The horizon is not so far as we can see, but as far as we can imagine

Category: Gender Page 1 of 4

The Ludicrous Trans Wars

I once read that about one-third of North American tribes appear to have had roles for those born one sex who felt they were actually the other gender. Many other cultures have also had such roles.

Gender dysphoria is not new. What is new are technologies allowing us to change the body much more towards the other technology.

It is being made into a much bigger deal than it needs to be.

I’m not gender dysphoric, but if we had the ability to do full bodily changes and change back, I would certainly have lived at least a couple years a woman to expand my understanding and knowledge of human existence.

Who knows? I might have preferred it.

Not a big deal.

As the technology and social acceptance stand now, I wouldn’t do it just out of curiosity. But there’s certainly nothing wrong with gender-changing.

(I also, due to meditative experience, don’t see gender as fundamental. But it is important to being a human.)

Anyway, the trans-wars seem very misguided to me, overall. If someone wants to change their gender, let them and treat their choice with dignity. There may be some corner issues around some sports due to different skeletal structures, but that’s about it. For children, require a psychologist and a doctor to agree or something along those lines. For adults, it is really their own choice and no one else’s business, and children should be listened to, as well.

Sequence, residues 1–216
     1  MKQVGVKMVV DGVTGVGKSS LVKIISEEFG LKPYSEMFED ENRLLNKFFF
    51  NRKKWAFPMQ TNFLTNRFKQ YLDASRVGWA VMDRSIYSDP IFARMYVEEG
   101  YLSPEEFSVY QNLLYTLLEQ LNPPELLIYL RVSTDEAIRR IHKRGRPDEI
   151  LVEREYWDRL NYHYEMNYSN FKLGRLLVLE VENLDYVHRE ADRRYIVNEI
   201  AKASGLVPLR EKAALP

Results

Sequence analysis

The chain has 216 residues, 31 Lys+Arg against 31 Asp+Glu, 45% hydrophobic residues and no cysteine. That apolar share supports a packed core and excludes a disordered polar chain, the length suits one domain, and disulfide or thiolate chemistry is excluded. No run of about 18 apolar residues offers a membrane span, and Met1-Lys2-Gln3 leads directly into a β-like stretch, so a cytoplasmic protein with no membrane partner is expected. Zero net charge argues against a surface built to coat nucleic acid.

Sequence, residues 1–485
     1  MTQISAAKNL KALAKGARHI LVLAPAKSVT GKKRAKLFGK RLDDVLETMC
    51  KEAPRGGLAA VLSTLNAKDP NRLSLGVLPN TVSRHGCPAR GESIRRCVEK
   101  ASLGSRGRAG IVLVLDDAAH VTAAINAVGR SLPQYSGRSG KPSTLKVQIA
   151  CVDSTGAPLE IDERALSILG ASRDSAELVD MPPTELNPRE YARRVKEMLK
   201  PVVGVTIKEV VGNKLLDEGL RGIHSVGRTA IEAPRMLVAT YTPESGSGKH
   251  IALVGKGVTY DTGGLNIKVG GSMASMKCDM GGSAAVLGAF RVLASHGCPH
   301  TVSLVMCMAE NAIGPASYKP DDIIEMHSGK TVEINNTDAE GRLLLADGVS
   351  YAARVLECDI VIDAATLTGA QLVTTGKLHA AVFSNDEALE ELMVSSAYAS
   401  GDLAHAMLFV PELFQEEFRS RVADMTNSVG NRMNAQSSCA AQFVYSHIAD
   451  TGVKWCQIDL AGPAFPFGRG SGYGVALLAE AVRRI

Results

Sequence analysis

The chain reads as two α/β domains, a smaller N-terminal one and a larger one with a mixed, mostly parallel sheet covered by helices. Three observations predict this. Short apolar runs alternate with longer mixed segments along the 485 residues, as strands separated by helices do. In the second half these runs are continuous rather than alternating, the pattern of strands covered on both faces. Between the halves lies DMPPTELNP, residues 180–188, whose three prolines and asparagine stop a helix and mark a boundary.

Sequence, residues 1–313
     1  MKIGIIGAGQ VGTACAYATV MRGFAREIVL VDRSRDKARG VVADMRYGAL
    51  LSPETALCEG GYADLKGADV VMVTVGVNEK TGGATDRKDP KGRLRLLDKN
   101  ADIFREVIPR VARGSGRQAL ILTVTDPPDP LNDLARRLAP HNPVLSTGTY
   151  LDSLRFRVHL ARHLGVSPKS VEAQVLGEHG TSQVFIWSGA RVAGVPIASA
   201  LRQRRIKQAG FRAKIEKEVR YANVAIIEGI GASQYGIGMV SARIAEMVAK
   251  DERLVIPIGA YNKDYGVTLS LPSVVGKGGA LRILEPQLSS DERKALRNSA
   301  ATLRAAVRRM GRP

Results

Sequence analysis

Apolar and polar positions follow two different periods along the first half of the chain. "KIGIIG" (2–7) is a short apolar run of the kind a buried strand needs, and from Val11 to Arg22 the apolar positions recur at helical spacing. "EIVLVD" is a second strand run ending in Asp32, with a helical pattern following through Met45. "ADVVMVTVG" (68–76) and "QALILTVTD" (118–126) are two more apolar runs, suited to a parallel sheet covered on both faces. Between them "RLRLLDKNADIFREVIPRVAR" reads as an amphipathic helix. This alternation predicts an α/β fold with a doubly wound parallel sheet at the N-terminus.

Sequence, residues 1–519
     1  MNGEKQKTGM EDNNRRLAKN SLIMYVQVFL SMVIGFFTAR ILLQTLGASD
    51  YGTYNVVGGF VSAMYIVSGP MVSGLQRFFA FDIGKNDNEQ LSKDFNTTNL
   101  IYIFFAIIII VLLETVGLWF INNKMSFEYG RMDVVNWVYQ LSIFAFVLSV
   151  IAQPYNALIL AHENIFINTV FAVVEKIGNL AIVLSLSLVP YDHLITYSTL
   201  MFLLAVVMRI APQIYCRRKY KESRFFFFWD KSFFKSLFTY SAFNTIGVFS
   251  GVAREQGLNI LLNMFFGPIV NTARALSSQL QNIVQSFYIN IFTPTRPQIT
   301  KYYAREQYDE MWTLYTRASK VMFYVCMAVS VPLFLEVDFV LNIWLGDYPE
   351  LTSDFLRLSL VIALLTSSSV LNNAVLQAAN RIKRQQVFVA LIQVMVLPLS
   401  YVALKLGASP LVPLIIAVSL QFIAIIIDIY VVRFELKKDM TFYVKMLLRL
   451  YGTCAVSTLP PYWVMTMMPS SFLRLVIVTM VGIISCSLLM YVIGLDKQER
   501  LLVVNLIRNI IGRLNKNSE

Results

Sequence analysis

We’re walking towards a world in which half of non-human species and a billion or more humans die, while arguing about whether people know whether they want to be male or female and whether they should be allowed to make that choice.

Butt out of people’s private business that almost entirely affects only them and those close to them.

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The Thing About Racism and Prejudice…

…is the unbelievable stupidity of it.

I can understand prejudice based on culture. I can understand prejudice based on religion. I can even understand prejudice based on subculture (if you can’t, remember “Nazi” can be considered a subculture, and so can “Republican,” and I see plenty of straight up prejudice against Republicans).

I mean, in most cases it’s a bad idea to pre-judge people based on your stereotype of a group, because they may not share the characteristics you dislike and you may be wrong about your stereotype.

But skin colour? Why not hair colour or eye colour? (Well, I guess we’ve done those too, especially with regards to redheads.)

Now if skin colour is a proxy for culture, we’re still in the badlands but not 100 percent stupid, but these fools keep mistaking Sikhs for Muslims (not even close, children), and so on.

But, overall the problem isn’t judging people–we’re plenty good at that. It isn’t assigning them to various identity groups–we’re ace at that. It’s not people joining identity groups, they make us join when we’re kids, and we just keep on doing it.